Soler, a 20-year-old outfielder, left Cuba last year and arrived in the Dominican Republic, where he has been living and working out for teams. However, according to a memo that Major League Baseball sent to teams, Soler is residing in Haiti.
Due to federal regulations governing American companies and Cuban citizens, Soler's agents must present either an unblocking license from the U.S. Office Of Foreign Assets Control (OFAC) or two permanent residency documents from a new country before Soler can enter into agreement with a team. Soler's agency, Praver Shapiro Sports Management, has told teams that Soler has the two permanent residency documents. Soler's agency has not responded to requests for comment.
While age and document fraud are rampant among players in the Dominican Republic, several sources in the international market have said that Haiti is a place perhaps even more notorious for shoddy paperwork and record keeping. As a result, some agents who have worked with Cuban players have said they would never consider trying to have one of their clients gain residency through Haiti. Multiple international sources have indicated that some Cubans may be having a more difficult time gaining residency in the Dominican Republic in recent months.
Since MLB has already declared Soler a free agent, it may not matter, though an MLB official contacted would not say whether MLB has already investigated and approved Soler's residency documents.
There is a rush for the 20-year-old Soler to sign before July 2, after which he would be subjected to new rules that limit teams to spending $2.9 million on international free agents, with a few exemptions that allow teams to go up to $3.2 million without penalties. However, before July 2, teams can sign Soler or any other international free agent for any amount without it counting against their international signing bonus pools. Soler's agents told teams they must submit their bids for Soler by yesterday.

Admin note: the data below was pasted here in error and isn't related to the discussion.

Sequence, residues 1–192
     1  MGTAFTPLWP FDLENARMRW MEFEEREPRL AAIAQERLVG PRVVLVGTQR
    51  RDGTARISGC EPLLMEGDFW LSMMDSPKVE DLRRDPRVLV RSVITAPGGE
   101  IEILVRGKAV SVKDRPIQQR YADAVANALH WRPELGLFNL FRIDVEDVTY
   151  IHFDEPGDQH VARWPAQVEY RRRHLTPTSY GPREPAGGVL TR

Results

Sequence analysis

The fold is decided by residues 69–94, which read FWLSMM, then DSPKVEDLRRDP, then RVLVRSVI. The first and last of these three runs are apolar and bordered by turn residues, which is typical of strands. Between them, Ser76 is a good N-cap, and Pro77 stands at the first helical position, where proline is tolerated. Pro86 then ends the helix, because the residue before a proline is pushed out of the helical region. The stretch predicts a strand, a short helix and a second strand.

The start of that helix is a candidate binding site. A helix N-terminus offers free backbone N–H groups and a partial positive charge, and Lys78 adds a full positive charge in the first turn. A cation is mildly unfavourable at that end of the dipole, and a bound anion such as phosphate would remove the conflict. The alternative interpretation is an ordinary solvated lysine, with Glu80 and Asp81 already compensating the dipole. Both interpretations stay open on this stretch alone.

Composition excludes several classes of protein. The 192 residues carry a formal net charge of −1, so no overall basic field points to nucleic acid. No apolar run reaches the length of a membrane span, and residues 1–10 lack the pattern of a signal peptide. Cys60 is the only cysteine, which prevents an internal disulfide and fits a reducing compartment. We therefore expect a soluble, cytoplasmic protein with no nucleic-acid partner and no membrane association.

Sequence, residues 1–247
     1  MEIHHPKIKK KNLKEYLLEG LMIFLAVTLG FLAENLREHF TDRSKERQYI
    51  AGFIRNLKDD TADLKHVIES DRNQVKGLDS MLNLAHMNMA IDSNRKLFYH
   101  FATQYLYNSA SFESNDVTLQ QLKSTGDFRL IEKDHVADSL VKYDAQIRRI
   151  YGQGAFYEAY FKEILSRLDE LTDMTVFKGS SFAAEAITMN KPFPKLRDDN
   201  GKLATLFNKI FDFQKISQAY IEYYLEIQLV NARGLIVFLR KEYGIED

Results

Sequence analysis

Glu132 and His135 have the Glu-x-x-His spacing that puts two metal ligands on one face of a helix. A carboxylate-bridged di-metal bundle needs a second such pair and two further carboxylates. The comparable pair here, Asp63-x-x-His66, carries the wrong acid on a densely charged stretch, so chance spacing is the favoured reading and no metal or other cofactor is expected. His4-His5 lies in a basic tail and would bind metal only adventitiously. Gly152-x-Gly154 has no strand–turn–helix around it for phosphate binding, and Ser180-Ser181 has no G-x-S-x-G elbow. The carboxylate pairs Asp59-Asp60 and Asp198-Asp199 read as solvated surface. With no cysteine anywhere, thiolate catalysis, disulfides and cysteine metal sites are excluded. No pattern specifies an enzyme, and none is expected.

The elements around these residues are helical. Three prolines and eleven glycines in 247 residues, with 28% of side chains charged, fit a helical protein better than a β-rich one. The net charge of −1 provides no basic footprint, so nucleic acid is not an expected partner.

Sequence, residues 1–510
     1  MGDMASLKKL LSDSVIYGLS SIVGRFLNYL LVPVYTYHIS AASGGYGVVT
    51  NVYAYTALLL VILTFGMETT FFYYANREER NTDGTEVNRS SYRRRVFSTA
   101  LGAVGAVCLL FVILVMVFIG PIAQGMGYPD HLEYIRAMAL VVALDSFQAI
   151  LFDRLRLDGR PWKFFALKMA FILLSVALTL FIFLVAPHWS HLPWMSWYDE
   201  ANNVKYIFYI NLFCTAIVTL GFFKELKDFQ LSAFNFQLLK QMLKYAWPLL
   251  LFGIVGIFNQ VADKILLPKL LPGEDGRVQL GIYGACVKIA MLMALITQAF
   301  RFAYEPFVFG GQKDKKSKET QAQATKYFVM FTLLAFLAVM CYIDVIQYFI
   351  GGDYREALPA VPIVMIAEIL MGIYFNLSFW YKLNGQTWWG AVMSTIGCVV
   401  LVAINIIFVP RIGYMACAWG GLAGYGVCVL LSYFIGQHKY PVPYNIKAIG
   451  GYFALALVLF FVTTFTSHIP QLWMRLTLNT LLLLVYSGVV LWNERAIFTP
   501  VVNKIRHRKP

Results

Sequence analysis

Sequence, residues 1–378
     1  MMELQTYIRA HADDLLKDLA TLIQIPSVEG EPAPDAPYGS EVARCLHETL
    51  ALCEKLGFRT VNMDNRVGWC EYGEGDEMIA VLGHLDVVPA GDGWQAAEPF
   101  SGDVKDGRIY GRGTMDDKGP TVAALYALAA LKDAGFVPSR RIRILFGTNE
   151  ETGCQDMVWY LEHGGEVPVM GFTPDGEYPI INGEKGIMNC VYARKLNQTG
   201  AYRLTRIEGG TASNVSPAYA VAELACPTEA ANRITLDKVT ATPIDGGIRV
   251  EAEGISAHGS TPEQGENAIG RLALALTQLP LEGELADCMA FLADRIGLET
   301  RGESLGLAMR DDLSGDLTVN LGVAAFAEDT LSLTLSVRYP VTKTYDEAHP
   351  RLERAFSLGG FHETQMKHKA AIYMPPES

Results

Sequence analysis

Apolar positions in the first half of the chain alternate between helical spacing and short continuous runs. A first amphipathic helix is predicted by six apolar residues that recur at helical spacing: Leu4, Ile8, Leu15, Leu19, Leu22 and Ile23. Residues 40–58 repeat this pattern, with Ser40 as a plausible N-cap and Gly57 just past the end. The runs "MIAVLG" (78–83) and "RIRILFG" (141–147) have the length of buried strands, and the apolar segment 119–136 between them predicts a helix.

Expectations are that Soler's deal could surpass the $15.6 million package the Rangers gave Cuban center fielder Leonys Martin last year. Soler is not as advanced as Martin, who was a standout in Cuba's top league, Serie Nacional, and had played on the Cuban national team in the 2009 World Baseball Classic when he was 21. While Soler has almost no experience in Serie Nacional, he was one of Cuba's up-and-coming young power hitters as a star on Cuba's national junior circuit and on the junior national team.
Haitian papers would be another red flag in the Soler saga. On Feb. 13, the Chicago Tribune reported that the Cubs had an illegal deal in place with Soler prior to him being declared a free agent or receiving an OFAC unblocking license. The Cubs privately denied the report but declined Baseball America's request to go on the record at the time. Cubs general manager Jed Hoyer emphatically disputed the report six weeks later.
The Praver Shapiro group is also involved in representing Dominican outfielder Jairo Beras, another player with paperwork questions. Beras had presented himself to MLB and teams as a 16-year-old, then signed with the Rangers for $4.5 million in February as a 17-year-old with a new birth certificate. The deal is currently pending MLB's investigation.
Astros, Cubs, Yankees, Braves, Dodgers, Pirates, Indians, Red Sox, Phillies and Blue Jays are all in on Soler.
Jerry Crasnick is reporting that MLB verified Soler's residency (note that that was all that was in question; questions about a true identity or age or anything like that have not been raised) itself before granting him free agency, so it's apparently a non-issue at this point.
Also, the Angels' GM came out and flatly said that they are NOT going to be in on Soler. Marlins and Mets are reportedly also NOT in on him (Miami being out is huge IMO, obvious reasons).
Also, Buster Olney is reporting that the Cubs, Yankees, Braves and Dodgers have been the most aggressive teams in on him so far.